Our travels give us unique opportunities see things with our own eyes and to make our own assessments without the spin that influences our perceptions. Our recent trek from Florida to Colorado took us right by the Louisiana truck stop where Tony the Tiger lives.
You may recall that we wrote about Tony as part of BtC4Animals.com’s Blog the Change in November. This 550-pound tiger is a roadside attraction at a truck stop just off Interstate 10 in Grosse Tete, LA. Last year, signatures were collected to encourage the Iberville Parish Council not to renew the permit giving Tony’s owners an exception from the law prohibiting private ownership of exotic animals. An wild cat sanctuary in Tampa, Florida had volunteered to take Tony, and more than 15,000 people signed the petition, but on February 17th the Council voted 11-1 to allow Tony’s owners to keep him.
The Council didn’t provide the reasoning behind their decision, but a quote by one of the Council members intimated that the success of the business hinged on Tony’s presence. Apparently, the jobs and economic benefits created by the truck stop take priority over the quality of life of this animal.
My overwhelming feeling after visiting Tony was sadness. The truck stop is in an area that obviously faces economic challenges. The business itself did not appear to be riding a wave of prosperity. And, in the 45 minutes we were there, only one car slowed down after filling up to take a peek at Tony.
I’m not saying that his pen was unsatisfactory – it was comparable to ones I’ve seen in small zoos. I’m not a vet, but Tony appeared healthy. And his owners, who say that he is a pet and that they love him, are not likely abusing him … unless you consider keeping him from a more comfortable and enriching life abuse.
The sadness I feel comes from our willingness to confine these animals for our personal financial gain, entertainment, or to stroke our egos – because owning a wild animal is cool.
While we’re putting things on the table, I’m also not a fan of the circus. Hauling animals from place to place so they can perform tricks to entertain families and generate revenue for the owners doesn’t seem like much of a life for them.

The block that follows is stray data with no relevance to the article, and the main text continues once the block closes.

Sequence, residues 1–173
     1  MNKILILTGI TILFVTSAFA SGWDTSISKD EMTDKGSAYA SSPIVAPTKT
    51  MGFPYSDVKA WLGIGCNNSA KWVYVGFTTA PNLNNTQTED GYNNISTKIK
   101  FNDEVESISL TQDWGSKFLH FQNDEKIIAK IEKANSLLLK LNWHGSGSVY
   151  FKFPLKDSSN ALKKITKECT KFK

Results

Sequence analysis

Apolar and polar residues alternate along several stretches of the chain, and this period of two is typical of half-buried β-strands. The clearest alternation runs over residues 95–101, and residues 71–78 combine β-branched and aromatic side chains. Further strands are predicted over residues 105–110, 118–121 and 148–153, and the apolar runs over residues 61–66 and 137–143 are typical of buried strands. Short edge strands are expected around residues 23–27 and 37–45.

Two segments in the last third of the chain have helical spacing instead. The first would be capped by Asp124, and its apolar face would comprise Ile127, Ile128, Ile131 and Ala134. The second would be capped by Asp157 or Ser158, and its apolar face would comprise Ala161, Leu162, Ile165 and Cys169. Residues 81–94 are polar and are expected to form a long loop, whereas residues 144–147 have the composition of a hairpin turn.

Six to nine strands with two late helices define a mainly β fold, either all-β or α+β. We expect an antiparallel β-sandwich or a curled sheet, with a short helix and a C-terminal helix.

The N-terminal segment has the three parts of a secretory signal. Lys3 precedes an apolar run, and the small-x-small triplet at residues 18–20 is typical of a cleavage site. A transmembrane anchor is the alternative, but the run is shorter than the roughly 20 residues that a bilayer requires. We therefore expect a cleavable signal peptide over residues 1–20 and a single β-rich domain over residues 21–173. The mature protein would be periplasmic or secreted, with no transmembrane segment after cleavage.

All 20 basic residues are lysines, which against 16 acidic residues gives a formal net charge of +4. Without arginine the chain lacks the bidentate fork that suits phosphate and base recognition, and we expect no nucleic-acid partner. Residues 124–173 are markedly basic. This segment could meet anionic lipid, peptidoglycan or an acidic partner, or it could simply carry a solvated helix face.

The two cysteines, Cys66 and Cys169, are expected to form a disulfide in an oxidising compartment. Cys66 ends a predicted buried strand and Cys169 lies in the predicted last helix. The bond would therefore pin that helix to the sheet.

Private zoos go in the same boat. In fact, if you’re not a sanctuary, a rescue, or a non-profit organization with a mission to educate, you have no business owning a wild animal in my book. Also, if your resources only allow you to stick these animals in a cage with concrete floors surrounded by bars, close your doors and donate any resources you have to facilities that can provide natural habitat enclosures.
When did we forget how to love? Loving another being means wanting what’s best for them, even if it causes us pain. Do Tony’s owners really think living at this truck stop is the best possible life available to this tiger?
When did we become so conceited? Our attention spans are short and our desire to consume is never ending. Is nothing more important than feeding our insatiable human need to be entertained or to make a buck?
And parents, what message are you sending when you take your children to view these “attractions?” Is looking at a caged animal in person somehow better than watching a program that gives an authentic look at the life they live in the wild on National Geographic?
When will we see the connections? Is it any wonder millions of healthy, loving dogs and cats are killed in shelters each year because they no longer hold our interest, or worse, become inconvenient?
And, how many animals will have to suffer and die until we learn?
What do you think? Should the needs (wants?) of the humans outweigh the animals’ rights to the best living conditions available to them?
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